Phase 4. An additional procedure is also done to clarify whether or not a compound has residual effect on erythrocytic stages during the 48hr period of drug exposure in vivo . If no residual effect is seen then these parasites remain infective. To determine if the erythrocytic parasites are still viable, mice are injected intravenously with 104 trophozoites 48 h after the compound administration. After an additional 3-4 h, 0.2ml of blood is removed and injected to clean recipient mice. Blood films are taken and a comparison of the time interval to reach 2% parasitemia is made with control mice, if the time interval is similar, it reflects that no permanent damage has been done to the parasites and thus no residual activity is present.

Sporonoicidal activity testing

Eperythrozoon free albino mice are administered with i.p inoculum of Plasmodium yoelii nigeriensis N 67 parasite on day 0. Female A. stephensi mosquitoes are placed in containers (about 25 in each container) and fed with 4% sucrose for the first five days after hatching. They are kept at a constant temperature of 240C and 75% humidity. On third day following infection by parasitized blood(10 7sub infected red cells), mosquitoes which were starved for 24 h are allowed to feed on mice. Before mosquitoes are allowed to feed, presence of mature gamets is confirmed on blood film of mice. The mice are then anaesthetized with a single dose of 60 mg/kg of sodium pentobarbitone i.p. and laid on top of mosquito containers, so that the insects can feed on them through the gauze or membrane covering container for about 30 min.[13]

On the seventh day after the blood feed, a sample of each batch is removed and dissected. Midguts are examined with the aid of semi-dark ground illumination and oocyst counts are made. The mean count for each batch is calculated. To determine the inhibitory effects of a drug on oocyst development, it is dissolved in 4% sucrose and fed ad libitum to the insects following the blood meal. Usually a batch of 10 surviving A. stephensi for each drug concentration and for each control is sufficient to provide data from which the level of drug activity can be calculated from a comparison of mean oocyst counts in treated and control batches.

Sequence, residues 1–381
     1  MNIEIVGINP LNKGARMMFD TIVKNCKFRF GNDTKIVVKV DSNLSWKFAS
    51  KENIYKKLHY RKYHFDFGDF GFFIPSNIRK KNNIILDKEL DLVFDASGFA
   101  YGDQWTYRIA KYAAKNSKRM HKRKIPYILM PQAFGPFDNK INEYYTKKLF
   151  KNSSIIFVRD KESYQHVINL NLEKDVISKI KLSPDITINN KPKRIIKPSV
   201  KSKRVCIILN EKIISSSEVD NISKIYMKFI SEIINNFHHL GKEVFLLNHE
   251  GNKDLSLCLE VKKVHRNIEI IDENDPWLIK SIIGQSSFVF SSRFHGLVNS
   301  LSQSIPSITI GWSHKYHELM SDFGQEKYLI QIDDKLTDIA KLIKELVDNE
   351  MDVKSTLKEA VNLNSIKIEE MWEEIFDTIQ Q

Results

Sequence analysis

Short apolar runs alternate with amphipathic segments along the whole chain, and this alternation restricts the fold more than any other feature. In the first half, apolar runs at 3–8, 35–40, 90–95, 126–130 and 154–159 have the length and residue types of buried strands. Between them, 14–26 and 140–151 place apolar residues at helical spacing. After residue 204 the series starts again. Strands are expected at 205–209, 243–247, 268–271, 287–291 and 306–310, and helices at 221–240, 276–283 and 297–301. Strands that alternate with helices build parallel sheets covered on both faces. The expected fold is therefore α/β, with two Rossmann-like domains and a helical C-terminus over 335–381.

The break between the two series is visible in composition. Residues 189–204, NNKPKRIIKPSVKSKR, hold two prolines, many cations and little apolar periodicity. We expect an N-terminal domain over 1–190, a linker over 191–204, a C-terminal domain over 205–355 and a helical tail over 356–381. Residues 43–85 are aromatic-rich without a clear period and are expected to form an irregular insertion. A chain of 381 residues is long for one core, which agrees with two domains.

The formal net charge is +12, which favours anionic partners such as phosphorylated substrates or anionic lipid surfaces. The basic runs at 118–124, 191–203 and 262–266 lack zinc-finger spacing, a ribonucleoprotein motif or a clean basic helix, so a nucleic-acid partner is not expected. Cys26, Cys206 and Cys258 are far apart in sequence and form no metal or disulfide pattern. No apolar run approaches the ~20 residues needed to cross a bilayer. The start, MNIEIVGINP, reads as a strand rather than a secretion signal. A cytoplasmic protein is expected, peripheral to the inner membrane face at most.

A new in vivo mice model for antimalarial efficacy is recently designed which comprises of use of immunocompromised mice.[16] It can support Plasmodium falciparum infection as it lacks T and LAK ( Lymphokine activated killer cell ) cells. Immunodeficient mice have been widely used as xenogenic transplantation models allowing in vivo investigation of human cells and organs. In this model, P. falciparum parasitized human red blood cells ( P. falciparum -huRBC) can be grafted into immunodeficient BXN laboratory mice (P. falciparum -huRBC-BXN). For immunomodulation dichloromethylene diphosphate (Cl2MDP) is administered and is responsible for reducing tissue macrophages. The increase in polymorphonuclear neutrophils which occurs with parasitic infection is controlled by using an NIMP-R 14 monoclonal antibody. This is the first rodent model in which Plasmodium falciparum infection can be maintained. Test drugs are administered when parasitemia becomes stable for 6 days and smears show predominance of ring forms.

Avian models

At least 447 species of birds have been found infected with malarial parasite. The avian parasite infects nucleated erythrocytes whilst the mammalian species infect non- nucleated blood cells. The invertebrate vectors of avian species are usually mosquitoes of the genera Aedes or Culex and the mammalian species are confined to the Anopheles host. Most striking are the pre erythrocytic stages of the avian parasites, which are found in the mesodermal tissues and require two generations in the host, whereas the mammalian species are found in the liver parenchyma cells with only one generation. The effect of quinine on avian malaria was reported by Wasielewski in 1904, parasites being killed in vitro by a concentration as low as 1:10,000 at room temperature.[17] Most of the early experiments on bird malaria was carried out in sparrows, chaffinches, pigeons, linnets, larks and canaries. However, the utility of P. gallinaceum and P. lopharae as experimental models has led to young chickens and ducks becoming hosts of choice. Young chickens 5-7 day old are the most suitable, being susceptible, easy to handle and only weighing about 50 gm, thus proving economical.